Gordon Campbell on how Europe is (finally) acting against Saudi Arabia’s human rights abuses

March 17th, 2015

For decades, the ringing statements on human rights by various European and US governments have been undermined by the diplomatic support they’ve given to the regime in Saudi Arabia. It has been a straight forward deal : we will sell arms to the House of Saud and turn a blind eye to its barbaric public executions, floggings, religious extremism and suppression of women. In return, the Saudis will (a) give us cheap oil and (a) police the region on our behalf.

That cosy arrangement has been unraveling somewhat, of late. Last year, the German government refused to sell Leopard tanks to the Saudis and – more significantly – the new left wing government in Sweden has just decided not to renew a ten year old arms deal that has been worth half a billion dollars to Sweden between 2011 and 2014 alone. Read the rest of this entry »

Gordon Campbell on the dairy contamination threats, and parental policing of scary movies

March 11th, 2015

The sole upside for the government in its release of a three month old threat to contaminate infant formula is that the story knocked Winston Peters off the front pages. In case that sounds like a conspiracy theory, the government was in a no win situation here. If it went public with every such threat the moment it was issued, it would be creating a pretty dire incentive for every crackpot and attention seeker in the country. That’s why, as Prime Minister John Key said, other countries tend not to publicise threats of this kind.

Yet with the blackmail letter’s end of March deadline looming, a policy of complete silence probably wasn’t still an option, either. If the threat was carried out – even in a bungled form – wouldn’t the government then be justly accused of being asleep at the wheel, and of leaving the nation’s mothers and babies at the mercy of a known peril?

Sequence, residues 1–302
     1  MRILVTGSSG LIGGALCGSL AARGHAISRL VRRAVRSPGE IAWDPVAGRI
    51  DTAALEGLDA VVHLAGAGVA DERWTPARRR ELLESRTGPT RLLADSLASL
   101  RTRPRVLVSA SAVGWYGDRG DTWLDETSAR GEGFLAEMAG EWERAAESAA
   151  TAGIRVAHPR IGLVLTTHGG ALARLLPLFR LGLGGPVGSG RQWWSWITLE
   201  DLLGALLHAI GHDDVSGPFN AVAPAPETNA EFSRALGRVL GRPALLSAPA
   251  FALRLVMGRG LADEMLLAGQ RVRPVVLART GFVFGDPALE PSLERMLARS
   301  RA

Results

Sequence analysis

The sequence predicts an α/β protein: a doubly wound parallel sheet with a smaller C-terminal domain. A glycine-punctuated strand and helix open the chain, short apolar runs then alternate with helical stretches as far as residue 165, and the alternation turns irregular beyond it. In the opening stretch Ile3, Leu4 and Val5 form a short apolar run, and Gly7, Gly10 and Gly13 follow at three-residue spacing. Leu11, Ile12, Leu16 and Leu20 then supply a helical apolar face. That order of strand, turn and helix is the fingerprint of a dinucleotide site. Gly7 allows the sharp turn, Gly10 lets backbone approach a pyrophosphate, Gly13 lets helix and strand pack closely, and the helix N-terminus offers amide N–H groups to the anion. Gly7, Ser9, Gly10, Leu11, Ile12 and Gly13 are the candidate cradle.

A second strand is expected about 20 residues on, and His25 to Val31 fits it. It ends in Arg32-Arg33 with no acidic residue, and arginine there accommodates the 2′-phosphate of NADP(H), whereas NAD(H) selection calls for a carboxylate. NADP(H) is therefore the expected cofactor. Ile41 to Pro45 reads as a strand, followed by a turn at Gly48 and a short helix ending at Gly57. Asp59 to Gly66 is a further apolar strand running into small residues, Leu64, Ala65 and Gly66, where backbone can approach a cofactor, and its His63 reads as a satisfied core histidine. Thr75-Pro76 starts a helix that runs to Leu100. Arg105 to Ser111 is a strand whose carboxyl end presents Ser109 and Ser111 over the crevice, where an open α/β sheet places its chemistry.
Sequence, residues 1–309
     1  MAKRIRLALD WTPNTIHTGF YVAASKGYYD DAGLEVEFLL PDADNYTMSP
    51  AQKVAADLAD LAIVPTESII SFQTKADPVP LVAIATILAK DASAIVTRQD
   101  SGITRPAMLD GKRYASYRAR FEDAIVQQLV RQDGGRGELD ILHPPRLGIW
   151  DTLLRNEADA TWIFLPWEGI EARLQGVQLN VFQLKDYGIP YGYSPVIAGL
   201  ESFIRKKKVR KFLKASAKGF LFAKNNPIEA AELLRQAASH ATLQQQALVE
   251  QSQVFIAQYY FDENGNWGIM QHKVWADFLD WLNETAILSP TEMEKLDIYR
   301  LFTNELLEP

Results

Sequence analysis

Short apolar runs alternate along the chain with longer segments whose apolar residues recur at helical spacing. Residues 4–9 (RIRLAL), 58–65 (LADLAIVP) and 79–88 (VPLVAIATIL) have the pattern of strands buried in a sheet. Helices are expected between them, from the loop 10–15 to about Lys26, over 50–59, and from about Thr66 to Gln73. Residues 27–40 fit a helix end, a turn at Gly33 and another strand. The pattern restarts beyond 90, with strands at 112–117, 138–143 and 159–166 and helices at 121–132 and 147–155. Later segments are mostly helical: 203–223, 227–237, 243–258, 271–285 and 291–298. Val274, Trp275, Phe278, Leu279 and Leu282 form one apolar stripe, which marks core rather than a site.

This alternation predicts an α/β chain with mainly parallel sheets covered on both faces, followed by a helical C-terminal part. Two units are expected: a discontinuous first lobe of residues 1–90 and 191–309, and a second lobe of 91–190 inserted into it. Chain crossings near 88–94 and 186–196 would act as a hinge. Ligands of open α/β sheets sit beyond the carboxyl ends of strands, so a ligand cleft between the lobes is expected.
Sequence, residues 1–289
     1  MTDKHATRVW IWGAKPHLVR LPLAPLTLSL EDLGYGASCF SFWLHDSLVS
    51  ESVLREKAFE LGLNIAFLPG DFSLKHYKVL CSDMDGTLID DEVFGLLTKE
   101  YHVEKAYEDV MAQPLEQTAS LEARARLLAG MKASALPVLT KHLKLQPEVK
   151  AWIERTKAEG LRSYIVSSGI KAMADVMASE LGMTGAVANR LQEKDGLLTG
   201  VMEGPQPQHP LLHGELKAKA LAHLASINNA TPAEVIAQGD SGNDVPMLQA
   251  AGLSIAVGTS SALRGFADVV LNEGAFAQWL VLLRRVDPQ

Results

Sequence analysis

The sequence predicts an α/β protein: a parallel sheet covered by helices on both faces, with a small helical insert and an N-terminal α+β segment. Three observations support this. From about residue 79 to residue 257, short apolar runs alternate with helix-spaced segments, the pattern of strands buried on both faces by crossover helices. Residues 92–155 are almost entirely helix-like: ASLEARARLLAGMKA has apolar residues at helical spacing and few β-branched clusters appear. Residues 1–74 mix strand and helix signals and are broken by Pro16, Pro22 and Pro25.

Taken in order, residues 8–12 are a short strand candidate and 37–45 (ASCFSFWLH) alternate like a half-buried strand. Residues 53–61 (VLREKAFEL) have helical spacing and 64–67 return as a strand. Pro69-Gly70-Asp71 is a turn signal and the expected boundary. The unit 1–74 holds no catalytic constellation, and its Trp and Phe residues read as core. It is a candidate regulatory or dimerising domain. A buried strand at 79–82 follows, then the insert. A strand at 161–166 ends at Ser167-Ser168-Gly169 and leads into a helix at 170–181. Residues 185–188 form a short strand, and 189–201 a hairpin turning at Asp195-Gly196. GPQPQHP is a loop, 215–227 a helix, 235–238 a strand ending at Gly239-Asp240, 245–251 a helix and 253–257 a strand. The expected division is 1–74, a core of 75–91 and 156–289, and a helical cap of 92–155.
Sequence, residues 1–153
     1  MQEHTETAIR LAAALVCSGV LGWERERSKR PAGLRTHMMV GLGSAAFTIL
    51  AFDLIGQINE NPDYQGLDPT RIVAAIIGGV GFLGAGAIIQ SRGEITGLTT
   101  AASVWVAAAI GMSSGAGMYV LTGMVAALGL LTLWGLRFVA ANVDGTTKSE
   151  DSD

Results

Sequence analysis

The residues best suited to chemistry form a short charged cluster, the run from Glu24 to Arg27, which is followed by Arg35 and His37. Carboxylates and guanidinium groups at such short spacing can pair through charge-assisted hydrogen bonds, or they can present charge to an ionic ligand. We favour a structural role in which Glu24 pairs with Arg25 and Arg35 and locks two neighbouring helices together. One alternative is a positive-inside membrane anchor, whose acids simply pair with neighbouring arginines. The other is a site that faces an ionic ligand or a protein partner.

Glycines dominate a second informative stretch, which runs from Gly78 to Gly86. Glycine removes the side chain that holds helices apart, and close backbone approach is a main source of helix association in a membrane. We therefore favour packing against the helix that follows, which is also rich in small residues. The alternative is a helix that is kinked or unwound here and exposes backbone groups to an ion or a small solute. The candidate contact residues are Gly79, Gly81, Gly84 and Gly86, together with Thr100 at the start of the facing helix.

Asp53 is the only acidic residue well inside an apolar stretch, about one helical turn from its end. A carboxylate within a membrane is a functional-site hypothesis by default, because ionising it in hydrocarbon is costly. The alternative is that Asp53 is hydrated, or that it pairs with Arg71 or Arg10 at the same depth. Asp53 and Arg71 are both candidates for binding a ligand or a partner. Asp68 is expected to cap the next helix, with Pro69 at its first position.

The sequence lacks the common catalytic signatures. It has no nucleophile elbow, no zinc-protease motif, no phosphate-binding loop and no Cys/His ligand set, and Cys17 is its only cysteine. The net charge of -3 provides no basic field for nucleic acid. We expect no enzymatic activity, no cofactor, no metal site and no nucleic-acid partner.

Along the way, the incident has exposed just how vulnerable this country is to what Key described yesterday as an act of ‘eco-terrorism’. The New Zealand economy is almost comically dependent on milk powder exports. That’s why a couple of letters sent three months ago can still knock a few points off the dollar, drive down the share market value of some dairy companies, send the industry into a testing frenzy and put us into full diplomatic re-assurance mode in our key markets overseas. That’s even before we know whether the threat is genuine.

If a couple of letters from a disgruntled single-issue crank can do all that to New Zealand’s economic lifeline… gosh, thank goodness we’re not doing anything unnecessarily on the world stage to attract the attentions of any real terrorists. Thank goodness we’re not offering to do stuff – say, in Iraq – that will make no difference, serve no achievable goal, and where no exit strategy is in place. We are? Yesterday’s incident only served to underline just how foolhardy the Iraq deployment really is.

How scary is too scary ?

As a child prone to night terrors who grew up to be a parent over-protective about the scary films his children watched – and it can’t be accidental that one of them grew up to love horror films – I was interested in the recent online firestorm about the guy who screened the James Cameron film Aliens to his 11 year old son (and some of his son’s 11 year old buddies), and then wrote a story about their interesting / amusing reactions. Matt Zeller Seitz’ original story is here.